I've been interested in pseudoscorpions for quite some time, though I have not yet deliberately retained specimens or allowed myself time to look at them. I recently stumbled across a site that contains a lot of useful information for the budding pseudoscorpion enthusiast. The pseudoscorpion site contains information on how to collect, preserve and identify these usually overlooked creatures.

For those interested in the New Zealand fauna, Max Beier published a key to the species of New Zealand and Norfolk Island in 1976 It is available online here on the Bugz Bibliography of New Zealand Insects Online. Beier also published on the pseudoscorpions of Micronesia, also available on Bugz.

NB: Bugz unfortunately does not provide completely stable URLs for the papers in the database. If the direct links to the papers do not work, search Bugz manually for access to the papers.

Beier M. 1976. The pseudoscorpions of New Zealand, Norfolk and Lord Howe. New Zealand Journal of Zoology 3(3):199-246

Beier M. 1957. Pseudoscorpionida. Insects of Micronesia 3(1):1-64

Tuesday, 29 March 2011

Two R functions for working with DNA alignments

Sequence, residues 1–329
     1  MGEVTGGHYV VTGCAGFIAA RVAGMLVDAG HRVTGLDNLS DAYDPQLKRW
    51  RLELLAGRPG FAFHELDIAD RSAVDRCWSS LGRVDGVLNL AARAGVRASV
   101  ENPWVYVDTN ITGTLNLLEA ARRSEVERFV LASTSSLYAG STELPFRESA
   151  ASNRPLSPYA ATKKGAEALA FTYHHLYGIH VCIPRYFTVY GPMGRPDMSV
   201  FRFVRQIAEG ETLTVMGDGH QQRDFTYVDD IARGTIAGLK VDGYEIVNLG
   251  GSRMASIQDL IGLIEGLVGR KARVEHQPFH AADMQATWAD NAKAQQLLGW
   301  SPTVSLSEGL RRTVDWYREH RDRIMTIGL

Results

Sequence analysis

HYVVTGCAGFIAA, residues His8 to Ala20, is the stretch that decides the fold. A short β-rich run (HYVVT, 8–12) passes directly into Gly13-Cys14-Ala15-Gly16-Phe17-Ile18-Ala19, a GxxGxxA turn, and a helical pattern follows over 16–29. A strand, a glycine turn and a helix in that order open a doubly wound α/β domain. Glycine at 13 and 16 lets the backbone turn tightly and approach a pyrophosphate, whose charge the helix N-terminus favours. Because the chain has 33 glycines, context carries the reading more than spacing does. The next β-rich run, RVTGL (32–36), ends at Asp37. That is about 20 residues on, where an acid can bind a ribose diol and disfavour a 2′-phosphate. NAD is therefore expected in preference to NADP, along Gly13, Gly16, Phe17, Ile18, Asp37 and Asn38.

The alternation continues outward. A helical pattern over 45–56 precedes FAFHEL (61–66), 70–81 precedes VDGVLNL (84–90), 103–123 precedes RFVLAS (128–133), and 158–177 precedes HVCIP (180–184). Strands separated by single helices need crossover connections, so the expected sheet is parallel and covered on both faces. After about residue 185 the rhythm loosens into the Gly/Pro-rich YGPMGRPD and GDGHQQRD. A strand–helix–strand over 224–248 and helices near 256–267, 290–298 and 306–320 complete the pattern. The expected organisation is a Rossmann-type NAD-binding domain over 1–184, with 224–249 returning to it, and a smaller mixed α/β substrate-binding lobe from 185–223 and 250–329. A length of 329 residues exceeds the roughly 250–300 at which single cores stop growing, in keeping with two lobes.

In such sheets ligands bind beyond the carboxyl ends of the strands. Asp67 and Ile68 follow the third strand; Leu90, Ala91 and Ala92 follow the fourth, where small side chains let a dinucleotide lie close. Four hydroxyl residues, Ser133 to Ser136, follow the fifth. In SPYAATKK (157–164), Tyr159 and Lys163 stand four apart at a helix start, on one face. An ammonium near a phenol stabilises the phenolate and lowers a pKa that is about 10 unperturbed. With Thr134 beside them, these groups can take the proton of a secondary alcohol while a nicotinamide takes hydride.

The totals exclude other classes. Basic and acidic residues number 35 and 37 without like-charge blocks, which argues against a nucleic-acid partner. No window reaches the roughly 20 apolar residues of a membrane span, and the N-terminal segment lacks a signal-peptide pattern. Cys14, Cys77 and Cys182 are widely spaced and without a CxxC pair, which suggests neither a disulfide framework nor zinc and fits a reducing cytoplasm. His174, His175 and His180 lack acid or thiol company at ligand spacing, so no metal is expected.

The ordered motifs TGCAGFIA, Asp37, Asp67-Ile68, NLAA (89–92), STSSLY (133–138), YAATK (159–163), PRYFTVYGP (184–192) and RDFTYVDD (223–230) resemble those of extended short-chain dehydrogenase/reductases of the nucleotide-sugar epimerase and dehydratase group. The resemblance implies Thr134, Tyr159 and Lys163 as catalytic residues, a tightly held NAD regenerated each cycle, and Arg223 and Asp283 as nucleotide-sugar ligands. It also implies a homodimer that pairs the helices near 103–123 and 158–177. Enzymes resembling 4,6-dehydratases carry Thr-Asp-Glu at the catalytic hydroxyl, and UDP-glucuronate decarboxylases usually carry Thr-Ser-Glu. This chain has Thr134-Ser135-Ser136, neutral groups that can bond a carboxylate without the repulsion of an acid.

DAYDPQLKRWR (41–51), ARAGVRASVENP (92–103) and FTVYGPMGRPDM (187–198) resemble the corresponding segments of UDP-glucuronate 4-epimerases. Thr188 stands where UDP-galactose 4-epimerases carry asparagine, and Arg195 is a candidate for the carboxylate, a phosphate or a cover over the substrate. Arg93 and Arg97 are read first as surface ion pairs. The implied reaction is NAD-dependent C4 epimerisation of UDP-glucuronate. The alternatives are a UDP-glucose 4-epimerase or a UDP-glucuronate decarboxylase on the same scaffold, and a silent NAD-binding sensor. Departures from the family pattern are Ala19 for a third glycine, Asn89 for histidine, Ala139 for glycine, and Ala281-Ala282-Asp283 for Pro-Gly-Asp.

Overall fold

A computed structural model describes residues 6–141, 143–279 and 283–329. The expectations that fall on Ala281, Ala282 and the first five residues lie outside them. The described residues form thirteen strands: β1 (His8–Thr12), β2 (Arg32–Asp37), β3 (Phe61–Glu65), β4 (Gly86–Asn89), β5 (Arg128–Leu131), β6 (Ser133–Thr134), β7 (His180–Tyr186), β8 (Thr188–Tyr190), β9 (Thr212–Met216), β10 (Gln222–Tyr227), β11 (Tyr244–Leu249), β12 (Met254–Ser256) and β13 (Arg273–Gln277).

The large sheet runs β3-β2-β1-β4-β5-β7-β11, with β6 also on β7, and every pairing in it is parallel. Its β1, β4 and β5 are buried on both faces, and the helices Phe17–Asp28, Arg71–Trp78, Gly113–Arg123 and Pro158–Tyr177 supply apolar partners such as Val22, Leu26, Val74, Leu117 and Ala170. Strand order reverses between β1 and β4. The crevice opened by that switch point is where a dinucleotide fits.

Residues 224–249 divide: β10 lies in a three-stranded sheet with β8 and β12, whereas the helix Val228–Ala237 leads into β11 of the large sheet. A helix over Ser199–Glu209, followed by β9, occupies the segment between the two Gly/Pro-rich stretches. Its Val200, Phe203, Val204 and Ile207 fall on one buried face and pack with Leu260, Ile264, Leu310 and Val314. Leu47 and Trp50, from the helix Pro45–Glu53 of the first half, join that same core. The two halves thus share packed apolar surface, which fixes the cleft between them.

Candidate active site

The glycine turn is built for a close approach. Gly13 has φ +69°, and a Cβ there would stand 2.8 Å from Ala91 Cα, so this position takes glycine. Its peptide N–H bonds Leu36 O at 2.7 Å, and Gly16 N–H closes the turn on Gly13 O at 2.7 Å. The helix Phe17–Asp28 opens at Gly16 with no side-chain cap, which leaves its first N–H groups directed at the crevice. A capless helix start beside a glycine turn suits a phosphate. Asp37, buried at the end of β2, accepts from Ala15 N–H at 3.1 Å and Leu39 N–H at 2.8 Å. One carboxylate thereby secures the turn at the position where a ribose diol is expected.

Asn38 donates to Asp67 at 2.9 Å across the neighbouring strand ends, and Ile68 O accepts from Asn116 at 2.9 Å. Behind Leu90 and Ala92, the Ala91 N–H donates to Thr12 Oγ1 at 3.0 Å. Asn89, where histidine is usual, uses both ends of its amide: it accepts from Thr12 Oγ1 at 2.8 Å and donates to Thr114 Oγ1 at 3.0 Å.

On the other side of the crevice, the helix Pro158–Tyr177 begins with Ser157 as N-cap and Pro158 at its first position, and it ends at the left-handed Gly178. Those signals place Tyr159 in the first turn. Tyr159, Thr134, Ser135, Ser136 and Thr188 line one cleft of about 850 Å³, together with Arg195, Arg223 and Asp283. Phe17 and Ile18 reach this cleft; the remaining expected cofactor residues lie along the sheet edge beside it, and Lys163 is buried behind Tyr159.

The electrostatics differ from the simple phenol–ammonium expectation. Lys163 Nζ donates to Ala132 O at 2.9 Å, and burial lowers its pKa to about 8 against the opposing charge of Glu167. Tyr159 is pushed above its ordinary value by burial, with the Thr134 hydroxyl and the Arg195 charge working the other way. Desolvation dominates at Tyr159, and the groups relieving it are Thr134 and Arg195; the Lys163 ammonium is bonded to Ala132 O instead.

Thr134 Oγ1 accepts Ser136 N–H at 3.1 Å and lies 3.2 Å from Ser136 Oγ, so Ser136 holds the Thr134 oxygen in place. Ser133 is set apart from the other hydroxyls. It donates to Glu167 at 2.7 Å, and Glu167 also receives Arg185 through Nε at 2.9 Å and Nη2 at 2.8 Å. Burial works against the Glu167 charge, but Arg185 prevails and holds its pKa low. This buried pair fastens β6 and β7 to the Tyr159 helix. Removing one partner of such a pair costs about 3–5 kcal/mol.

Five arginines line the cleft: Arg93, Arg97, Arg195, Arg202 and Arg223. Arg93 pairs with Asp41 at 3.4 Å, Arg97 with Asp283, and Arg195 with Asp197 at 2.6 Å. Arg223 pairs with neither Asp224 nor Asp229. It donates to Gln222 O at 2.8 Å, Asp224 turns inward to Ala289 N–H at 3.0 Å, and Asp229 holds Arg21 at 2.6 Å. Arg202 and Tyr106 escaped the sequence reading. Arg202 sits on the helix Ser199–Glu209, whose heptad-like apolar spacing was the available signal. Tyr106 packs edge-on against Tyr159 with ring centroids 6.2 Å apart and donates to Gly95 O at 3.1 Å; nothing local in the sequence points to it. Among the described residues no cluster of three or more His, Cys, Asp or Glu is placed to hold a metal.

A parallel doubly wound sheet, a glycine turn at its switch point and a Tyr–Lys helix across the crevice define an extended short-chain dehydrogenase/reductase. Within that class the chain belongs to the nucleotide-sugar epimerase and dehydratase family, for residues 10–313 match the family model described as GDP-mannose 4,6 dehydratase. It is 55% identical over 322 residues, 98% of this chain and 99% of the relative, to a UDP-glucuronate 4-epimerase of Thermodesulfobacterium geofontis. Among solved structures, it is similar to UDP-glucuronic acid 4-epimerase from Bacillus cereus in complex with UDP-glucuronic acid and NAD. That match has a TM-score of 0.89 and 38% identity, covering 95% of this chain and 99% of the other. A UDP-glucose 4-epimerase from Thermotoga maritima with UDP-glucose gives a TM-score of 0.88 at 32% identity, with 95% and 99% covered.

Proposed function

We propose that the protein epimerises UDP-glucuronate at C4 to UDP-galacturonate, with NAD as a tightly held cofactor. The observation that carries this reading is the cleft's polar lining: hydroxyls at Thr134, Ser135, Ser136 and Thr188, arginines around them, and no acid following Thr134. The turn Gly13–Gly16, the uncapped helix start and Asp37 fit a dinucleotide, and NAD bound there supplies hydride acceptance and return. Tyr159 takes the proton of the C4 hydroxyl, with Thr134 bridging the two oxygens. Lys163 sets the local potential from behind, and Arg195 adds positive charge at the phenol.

Recently I wrote a couple of small functions as a result of work done by myself and others in my lab group. The first is a function that determines what sites in a sequence alignment are ambiguous (i.e. not A, G, C or T).

is.ambig <- function(x){
   x <- as.matrix(x)
   bases <- c(136, 72, 40, 24)
   ambig <- apply(x, 2, FUN=function(x) sum(as.numeric(!as.numeric(x) %in% bases)))
   ambig > 0

This function utilises the bit-level coding scheme that Emmanuel Paradis developed for encoding sequences in R. The unambiguous bases A, G, C and T have the numeric values 136, 72, 40 and 24 respectively. This function figures out which sites don't have these values and returns a vector of TRUEs and FALSEs, TRUEs being ambiguous bases.

The second function is an implementation of Tajima's K, published as equation A3 in Tajima 1983
tajima.K <- function(x, prop = TRUE){
   res <- mean(dist.dna(x, model="N"))
   if(prop) res <- res/dim(x)[2]

This function calculates the mean number of sites that are different between any two sequences. As a default, it returns the result as a proportion of the length of the alignment. Setting prop = FALSE will return the result as the actual number of sites.

Tajmia F. 1983. Evolutionary relationship of DNA sequences in finite populations. Genetics 105: 437-460.

Sunday, 27 February 2011

Freely available Digital Elevation Models for New Zealand